Richard Garth, C.J.
1. We think that this appeal must be dismissed. This suit is brought upon an instalment-bond against three brothers, the defendants. The plaintiff alleges that these three brothers executed the bond jointly. The suit has been dismissed in both Courts and the lower Appellate Court finds, as a fact, that two of the defendants never executed the bond, and that their names were not upon it as it was originally executed; and further, that the plaintiff, in whose custody the bond has been, has forged the names of those two defendants upon the instrument, and attempted to enforce it against them all. Upon that ground the Subordinate Judge has dismissed the suit.
2. So far as I understand him, I think he also means to dismiss it upon another ground--namely, that he cannot trust the evidence even against the one brother; but it is not necessary to consider this point, because we are clearly of opinion that a fraudulent addition, such as has been made to this bond, is sufficient to vitiate it as against all the defendants. See the case of Davidson v. Cooper 13 M. & W., Ex. Ch., 352. It was there laid down, that 'a party who has the custody of an instrument made for his benefit, is hound to preserve it in its original state, and that any material alteration of an unsealed paper will vitiate the instrument.'
3. In the case of Gardner v. Walsh 24 L. J., Q. B., 285, an alteration had been made very much like the present. A promissory note had been altered by another party being added. The alteration was apparently no disadvantage to the defendants; and yet because it had been made, whilst the document was in the plaintiff's possession, it was held to be invalid as against the defendant. Chief Justice CAMPBELL there says:---'We conceive that the defendant is discharged from his liability if the altered instrument, supposing it to be genuine, would operate differently from the original instrument, whether the alteration be or be not to his prejudice. If a promissory note payable at three months after date were altered by the payee to six months or if, being made for 100, he should alter it to 50, we conceive that he could not sue the maker upon it after the alteration, either in its altered or original form. The alleged maker was no party to a note at six months, or for 50; and the note at three months or for 100, to which he was a party, is vitiated by the alteration.'
4. Mr. Justice Byles also, in his book upon Bills, p. 318, 11th edition, lays down the rule in this way:---'By a recent solemn decision---Davidson v. Cooper 13 M. &. W., Ex. Ch., 352---a deed, bill of exchange, promissory note, guarantee, or any other executory written contract, is avoided by an alteration in a material part made while it is in the custody of the plaintiff, although that alteration be made by a stranger. For, a person who has the custody of an instrument is bound to preserve it in its integrity; and as it would be avoided by his fraud in altering it himself, so it shall be avoided by his laches in suffering another to alter it.'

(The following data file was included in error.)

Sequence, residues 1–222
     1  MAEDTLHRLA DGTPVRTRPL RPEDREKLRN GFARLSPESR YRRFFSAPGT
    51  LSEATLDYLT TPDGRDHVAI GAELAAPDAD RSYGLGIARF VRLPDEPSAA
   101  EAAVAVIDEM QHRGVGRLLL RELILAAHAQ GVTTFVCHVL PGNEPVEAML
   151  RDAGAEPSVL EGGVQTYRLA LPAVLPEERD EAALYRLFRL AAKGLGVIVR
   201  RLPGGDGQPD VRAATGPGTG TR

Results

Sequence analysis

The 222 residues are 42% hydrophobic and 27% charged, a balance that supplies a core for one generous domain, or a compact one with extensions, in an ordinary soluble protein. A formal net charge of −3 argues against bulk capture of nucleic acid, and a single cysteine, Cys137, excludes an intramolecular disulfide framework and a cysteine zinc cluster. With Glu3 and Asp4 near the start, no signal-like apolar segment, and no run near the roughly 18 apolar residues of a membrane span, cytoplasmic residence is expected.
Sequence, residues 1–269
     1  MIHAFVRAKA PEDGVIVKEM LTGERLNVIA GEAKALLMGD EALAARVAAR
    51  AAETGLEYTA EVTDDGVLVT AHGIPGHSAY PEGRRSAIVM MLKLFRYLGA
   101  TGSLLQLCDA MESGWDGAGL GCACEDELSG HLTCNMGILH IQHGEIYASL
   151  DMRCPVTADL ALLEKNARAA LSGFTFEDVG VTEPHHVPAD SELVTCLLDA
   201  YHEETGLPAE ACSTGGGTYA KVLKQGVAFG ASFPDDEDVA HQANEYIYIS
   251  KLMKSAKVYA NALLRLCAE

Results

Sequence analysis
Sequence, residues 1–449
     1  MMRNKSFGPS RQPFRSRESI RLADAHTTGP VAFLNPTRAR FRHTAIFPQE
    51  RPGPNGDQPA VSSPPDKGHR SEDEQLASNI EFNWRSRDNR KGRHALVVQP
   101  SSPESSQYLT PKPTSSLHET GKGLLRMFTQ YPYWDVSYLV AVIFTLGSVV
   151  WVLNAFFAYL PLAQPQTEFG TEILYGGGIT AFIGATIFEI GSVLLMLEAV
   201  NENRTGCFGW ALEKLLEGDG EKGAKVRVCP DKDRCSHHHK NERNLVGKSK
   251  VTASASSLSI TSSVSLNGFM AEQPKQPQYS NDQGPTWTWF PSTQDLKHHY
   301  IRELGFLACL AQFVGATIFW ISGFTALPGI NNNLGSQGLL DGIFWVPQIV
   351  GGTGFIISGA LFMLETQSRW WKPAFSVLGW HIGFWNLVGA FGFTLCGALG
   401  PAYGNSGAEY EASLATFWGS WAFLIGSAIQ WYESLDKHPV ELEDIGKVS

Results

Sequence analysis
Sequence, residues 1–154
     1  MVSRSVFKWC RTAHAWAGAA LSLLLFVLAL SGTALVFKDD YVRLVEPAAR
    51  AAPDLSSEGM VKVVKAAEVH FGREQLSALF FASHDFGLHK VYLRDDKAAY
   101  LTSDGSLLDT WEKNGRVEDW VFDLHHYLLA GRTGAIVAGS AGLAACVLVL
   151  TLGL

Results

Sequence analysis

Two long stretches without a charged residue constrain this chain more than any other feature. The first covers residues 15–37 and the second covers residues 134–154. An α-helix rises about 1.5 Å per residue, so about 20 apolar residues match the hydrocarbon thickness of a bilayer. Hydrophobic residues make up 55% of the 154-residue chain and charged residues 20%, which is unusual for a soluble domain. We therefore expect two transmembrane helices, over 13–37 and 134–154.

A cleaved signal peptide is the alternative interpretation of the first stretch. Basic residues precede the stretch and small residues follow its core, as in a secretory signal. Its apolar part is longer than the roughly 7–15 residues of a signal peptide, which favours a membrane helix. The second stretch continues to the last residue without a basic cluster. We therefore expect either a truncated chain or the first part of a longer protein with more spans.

5. It has been argued, that, in this country, the law of England in this respect does not apply. I am sure I do not know why it should not; and I see much reason why it should. The law of England, so far as it is consistent with the principles of equity and good conscience, has generally prevailed in this country, unless it conflicts with the Hindu or Mahomedan law. The learned pleader who appears for the defendants, seems to think that, in equity and good conscience, the plaintiff in this case ought to succeed against one of the defendants. But we are clearly of a different opinion. Where a man has been wicked enough to alter a document fraudulently in this way, we do not think it consistent with equity and good conscience, or with sound policy, (especially in a country like this, where forgery and fraud is so lamentably common), that he should be entitled to recover upon it.
6. Even looking at the question as one of proof merely, the plaintiff ought to fail in his contention, because he has not proved the instrument upon which he founds his claim.
7. No doubt, so long as mistakes are made in ignorance, and not from dishonesty, great latitude is very properly allowed by the Courts here in the way of amendment; but all amendments are in the Court's discretion; and what my learned brother, Mr. Justice FIELD, said just now, is undeniably true, that where a man brings a suit upon an instrument which, when produced in evidence, is found to have been fraudulently altered to the knowledge of the plaintiff, no Court ought to allow an amendment to enable him to succeed upon it in its original state.
8. The appeal is dismissed with costs.